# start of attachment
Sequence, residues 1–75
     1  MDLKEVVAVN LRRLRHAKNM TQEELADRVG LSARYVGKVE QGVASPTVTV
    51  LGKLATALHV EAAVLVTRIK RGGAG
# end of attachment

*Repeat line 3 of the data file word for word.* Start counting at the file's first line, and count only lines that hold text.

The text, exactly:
    51  LGKLATALHV EAAVLVTRIK RGGAG